Despite a growing interest in applying the uncanny valley hypothesis (UVH) in IS studies, there is a paucity of knowledge on the applicability of UVH and its strength. By summarizing a set of attitudinal variables popularized in the extant IS literature on AI robots, this study examined the strength and applicability of UVH on a large, objectively chosen sample of 80 real-world robots face against these variables. We demonstrate that while robot anthropomorphism does affect users’ attitudes toward the robot, its effects do not necessarily follow a UV pattern, and it has a very limited explanatory power toward users’ attitudinal responses. In addition, robot anthropomorphism has a much stronger linear-like association with a perceived social presence than with the commonly used response variable of perceived likability. Our results offer insights into understanding the applicability and strength of the uncanny valley effect and the impacts of robot anthropomorphism on users’ perceptions.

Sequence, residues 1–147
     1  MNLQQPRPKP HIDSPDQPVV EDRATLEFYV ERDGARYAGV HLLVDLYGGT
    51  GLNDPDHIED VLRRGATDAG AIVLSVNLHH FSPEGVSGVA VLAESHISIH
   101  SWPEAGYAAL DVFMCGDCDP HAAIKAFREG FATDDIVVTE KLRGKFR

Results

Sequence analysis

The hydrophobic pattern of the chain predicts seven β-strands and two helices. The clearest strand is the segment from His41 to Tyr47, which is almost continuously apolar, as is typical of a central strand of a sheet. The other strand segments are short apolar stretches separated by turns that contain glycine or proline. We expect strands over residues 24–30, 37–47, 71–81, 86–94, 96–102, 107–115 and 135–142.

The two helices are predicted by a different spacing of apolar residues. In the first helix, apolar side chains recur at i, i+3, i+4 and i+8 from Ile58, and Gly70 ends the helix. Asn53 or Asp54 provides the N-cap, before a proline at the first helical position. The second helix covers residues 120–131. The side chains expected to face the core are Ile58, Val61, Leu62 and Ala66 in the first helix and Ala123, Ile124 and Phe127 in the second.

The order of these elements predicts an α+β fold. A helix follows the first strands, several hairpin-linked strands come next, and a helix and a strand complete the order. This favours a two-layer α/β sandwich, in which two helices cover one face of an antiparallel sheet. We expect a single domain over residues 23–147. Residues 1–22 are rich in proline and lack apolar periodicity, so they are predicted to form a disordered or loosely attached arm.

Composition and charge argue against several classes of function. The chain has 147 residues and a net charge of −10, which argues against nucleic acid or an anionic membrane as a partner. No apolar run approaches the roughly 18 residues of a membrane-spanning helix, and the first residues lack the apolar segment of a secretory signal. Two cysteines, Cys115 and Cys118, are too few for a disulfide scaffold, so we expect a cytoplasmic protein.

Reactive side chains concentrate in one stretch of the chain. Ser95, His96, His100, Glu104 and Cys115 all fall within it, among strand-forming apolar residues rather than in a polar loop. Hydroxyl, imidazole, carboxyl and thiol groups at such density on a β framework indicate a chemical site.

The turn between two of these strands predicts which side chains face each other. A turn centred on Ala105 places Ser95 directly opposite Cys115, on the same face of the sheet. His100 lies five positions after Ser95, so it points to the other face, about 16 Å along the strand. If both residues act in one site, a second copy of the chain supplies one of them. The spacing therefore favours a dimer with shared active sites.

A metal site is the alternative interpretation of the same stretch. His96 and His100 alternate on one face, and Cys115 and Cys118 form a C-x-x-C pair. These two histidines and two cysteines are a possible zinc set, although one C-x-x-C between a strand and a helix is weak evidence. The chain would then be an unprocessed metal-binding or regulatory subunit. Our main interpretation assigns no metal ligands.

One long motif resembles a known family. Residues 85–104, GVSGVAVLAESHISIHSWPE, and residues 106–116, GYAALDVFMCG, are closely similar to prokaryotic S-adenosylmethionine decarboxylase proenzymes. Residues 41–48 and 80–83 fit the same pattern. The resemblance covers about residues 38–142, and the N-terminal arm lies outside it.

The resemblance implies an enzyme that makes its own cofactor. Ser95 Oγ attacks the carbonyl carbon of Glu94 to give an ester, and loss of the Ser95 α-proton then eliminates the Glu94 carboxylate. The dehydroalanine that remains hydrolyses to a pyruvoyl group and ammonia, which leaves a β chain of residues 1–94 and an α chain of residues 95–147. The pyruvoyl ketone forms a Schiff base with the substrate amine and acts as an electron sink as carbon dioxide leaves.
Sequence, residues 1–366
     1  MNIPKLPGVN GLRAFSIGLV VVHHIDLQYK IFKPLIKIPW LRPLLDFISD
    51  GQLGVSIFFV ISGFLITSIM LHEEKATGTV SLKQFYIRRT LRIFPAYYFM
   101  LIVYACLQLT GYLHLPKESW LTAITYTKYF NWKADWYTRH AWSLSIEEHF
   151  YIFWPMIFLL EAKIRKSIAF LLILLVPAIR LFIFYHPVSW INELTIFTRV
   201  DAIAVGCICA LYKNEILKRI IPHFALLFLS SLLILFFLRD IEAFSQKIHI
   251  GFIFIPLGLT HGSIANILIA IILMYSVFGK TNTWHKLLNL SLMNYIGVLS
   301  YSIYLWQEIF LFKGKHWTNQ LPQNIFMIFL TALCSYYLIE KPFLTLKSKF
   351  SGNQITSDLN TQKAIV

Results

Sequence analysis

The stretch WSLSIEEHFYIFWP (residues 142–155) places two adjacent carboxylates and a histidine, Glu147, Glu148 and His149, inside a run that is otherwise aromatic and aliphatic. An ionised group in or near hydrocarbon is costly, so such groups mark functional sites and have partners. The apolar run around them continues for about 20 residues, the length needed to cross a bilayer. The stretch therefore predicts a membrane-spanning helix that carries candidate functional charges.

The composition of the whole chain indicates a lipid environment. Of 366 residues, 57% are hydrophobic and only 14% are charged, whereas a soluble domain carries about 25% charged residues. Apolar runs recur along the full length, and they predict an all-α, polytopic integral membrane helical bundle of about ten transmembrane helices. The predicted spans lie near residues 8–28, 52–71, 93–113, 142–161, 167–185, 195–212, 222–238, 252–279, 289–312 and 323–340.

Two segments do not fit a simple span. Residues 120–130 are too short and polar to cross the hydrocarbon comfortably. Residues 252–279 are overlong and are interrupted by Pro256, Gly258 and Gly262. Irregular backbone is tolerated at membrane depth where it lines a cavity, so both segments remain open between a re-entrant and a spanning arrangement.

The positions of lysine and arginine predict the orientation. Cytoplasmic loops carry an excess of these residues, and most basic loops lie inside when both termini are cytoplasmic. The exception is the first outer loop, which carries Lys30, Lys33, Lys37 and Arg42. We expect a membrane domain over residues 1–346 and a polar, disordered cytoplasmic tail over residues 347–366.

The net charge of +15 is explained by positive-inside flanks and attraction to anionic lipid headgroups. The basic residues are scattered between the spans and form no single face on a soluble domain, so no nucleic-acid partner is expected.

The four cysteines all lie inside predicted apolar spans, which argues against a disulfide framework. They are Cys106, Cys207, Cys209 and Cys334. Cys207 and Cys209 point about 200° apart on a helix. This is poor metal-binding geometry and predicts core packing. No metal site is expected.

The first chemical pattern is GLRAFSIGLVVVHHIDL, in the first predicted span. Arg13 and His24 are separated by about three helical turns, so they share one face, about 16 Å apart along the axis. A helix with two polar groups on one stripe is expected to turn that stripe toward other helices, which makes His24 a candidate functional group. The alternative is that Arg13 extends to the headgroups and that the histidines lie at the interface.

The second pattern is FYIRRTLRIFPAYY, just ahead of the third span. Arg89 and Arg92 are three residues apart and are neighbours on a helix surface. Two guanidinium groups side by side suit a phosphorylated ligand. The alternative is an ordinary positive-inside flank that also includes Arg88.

Paper Number 1173; Track HCI; Complete Paper



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